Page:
Why Fish Stocking is an Important Part of Pond Management
Water features, like ponds, streams, and fountains enhance all sorts of green spaces, from parks to neighborhood green zones, to individual back gardens. But, have you ever wondered just how the fish get into the ponds in the green spaces? One main way this is done is by people putting them in there as part of pond management. This practice is called fish stocking, and it is a key part of pond management that involves raising fish in a controlled area, like a hatchery, and then releasing them into various water bodies such as lakes, ponds, and rivers.
Fish Stocking Helps:
- Improve Fish Populations
- Keep Bodies of Water Environmentally Balanced
- Maintain Weed Problems
- Increase Recreational Activity
- Reduce Specific Insect Larvae
Commonly Used Fish for Stocking
The ideal time to stock is during the spring or fall when temperatures are mild, and oxygen levels are high to reduce stress to the fish. To effectively balance a lake or pond, one pond management best practice is to use a variety of specific fish. Some of those include:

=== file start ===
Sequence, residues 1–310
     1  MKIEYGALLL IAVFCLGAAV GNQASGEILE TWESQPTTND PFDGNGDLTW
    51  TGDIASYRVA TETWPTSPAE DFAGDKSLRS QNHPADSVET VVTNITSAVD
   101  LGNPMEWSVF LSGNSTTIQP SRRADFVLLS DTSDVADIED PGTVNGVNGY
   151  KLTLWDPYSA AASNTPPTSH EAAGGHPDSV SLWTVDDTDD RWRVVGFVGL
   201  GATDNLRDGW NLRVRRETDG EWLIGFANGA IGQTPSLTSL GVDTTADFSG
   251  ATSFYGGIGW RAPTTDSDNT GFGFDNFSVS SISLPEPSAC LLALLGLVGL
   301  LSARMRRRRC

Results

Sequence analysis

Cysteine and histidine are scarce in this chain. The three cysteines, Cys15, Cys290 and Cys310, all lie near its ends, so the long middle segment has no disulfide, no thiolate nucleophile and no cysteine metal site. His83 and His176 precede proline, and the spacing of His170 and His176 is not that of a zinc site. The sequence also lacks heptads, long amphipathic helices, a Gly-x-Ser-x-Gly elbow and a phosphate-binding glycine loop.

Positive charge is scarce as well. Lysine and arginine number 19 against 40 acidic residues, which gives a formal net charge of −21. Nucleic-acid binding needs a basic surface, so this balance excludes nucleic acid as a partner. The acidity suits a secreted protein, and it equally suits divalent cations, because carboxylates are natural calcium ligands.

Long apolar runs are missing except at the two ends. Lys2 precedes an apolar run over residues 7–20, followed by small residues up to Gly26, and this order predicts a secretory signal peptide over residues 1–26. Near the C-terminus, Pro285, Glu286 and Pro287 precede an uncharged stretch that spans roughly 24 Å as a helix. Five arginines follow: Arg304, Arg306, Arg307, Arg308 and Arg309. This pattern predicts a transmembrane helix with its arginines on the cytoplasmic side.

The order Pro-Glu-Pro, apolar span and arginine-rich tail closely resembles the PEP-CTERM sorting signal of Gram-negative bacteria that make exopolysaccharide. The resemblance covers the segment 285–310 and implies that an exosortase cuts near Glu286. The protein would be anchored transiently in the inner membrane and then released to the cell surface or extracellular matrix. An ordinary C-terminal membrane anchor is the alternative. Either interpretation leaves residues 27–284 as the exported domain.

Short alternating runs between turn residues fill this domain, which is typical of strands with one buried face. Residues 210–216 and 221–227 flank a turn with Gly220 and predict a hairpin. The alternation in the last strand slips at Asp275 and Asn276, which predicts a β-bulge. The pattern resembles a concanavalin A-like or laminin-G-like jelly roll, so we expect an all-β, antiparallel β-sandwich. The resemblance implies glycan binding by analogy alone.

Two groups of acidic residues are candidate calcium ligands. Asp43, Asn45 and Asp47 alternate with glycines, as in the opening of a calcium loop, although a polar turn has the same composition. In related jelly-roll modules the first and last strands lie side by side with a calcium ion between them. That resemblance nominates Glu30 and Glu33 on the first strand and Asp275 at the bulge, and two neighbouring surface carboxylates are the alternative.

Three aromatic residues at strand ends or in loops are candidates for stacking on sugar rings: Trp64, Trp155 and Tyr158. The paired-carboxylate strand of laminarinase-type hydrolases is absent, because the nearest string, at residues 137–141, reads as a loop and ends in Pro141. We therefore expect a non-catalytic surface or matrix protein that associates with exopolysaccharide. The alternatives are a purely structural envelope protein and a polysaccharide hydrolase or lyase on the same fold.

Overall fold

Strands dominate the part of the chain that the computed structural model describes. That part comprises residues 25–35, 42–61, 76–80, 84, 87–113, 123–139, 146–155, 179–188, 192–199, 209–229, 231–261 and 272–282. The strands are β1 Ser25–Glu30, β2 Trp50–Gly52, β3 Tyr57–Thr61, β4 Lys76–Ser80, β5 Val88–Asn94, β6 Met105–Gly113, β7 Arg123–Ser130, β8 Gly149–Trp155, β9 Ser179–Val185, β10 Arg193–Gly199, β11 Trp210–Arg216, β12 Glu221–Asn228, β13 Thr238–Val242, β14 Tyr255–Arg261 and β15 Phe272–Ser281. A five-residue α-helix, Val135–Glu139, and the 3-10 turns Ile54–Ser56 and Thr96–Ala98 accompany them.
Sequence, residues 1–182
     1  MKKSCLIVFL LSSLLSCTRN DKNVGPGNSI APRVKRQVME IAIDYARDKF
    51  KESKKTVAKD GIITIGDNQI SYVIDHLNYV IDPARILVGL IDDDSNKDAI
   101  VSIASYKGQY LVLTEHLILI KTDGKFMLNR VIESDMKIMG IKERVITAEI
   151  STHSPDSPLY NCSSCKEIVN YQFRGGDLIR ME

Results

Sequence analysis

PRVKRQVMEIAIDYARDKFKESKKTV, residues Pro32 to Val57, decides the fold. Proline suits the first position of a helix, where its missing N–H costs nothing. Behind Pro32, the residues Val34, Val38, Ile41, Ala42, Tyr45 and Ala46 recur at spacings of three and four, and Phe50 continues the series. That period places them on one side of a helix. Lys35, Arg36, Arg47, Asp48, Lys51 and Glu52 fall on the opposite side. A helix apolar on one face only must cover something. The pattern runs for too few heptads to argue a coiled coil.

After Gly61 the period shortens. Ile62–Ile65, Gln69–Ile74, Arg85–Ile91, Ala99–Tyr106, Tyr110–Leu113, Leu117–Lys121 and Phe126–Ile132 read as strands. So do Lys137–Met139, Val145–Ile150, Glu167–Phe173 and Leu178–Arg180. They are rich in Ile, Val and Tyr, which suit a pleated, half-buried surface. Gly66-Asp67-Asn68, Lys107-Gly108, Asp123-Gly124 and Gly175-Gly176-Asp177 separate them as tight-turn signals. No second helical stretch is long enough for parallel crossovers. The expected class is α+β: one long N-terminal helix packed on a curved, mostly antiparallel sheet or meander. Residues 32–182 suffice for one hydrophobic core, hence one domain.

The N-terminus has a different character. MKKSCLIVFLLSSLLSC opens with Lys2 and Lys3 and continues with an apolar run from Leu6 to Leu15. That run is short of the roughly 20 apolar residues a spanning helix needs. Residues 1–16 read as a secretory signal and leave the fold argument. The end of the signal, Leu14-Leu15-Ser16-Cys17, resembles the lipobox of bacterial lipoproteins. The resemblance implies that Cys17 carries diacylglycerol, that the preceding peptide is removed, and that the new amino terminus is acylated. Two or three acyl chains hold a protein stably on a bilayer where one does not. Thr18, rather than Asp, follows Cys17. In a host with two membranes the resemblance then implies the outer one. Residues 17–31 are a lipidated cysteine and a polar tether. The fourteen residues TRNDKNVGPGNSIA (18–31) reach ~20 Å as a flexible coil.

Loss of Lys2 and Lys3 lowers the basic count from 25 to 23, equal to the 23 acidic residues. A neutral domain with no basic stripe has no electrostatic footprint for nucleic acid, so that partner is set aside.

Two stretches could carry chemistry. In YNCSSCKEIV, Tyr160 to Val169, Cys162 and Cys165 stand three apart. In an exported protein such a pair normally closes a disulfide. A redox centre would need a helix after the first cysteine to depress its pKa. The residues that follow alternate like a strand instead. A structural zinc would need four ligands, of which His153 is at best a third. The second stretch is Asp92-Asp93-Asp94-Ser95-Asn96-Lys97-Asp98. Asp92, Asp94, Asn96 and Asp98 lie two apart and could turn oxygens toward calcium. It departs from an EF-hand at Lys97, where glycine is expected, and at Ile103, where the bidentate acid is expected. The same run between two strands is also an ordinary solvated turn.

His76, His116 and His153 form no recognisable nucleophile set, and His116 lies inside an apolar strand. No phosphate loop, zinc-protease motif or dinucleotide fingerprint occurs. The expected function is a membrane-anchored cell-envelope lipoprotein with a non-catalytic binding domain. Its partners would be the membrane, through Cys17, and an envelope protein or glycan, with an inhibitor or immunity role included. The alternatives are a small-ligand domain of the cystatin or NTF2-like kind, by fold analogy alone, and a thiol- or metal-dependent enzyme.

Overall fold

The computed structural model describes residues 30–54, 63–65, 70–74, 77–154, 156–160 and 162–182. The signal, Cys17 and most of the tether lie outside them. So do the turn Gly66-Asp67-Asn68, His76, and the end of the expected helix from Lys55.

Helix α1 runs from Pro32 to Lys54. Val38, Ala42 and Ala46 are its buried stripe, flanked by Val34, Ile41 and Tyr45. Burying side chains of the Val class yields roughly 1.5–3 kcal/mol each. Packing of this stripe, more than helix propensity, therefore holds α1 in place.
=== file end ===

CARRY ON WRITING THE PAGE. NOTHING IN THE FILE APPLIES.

Largemouth Bass – The largemouth bass is one of the most popular game fish in North America. They prefer the warm, quiet water, and they hide in vegetation, between rocks, or under sunken debris striking their prey as they swim by.
Bluegill – Bluegills inhabit nearly every lake, pond, and other bodies of quiet water throughout the country, and they bite year-round, making them an easy fish to catch.
Catfish – A diverse group of fish for pond management, catfish, live in saltwater, freshwater, and brackish water. In the ecosystem, catfish can be either predators or prey.
Tilapia – These are great fish to use for fish stocking as they reproduce quickly, thrive in a variety of aquaculture environments, and eat lots of aquatic invertebrates and aquatic vegetation. Tilapias also eat a substantial amount of natural materials such as algae, plankton, and detritus.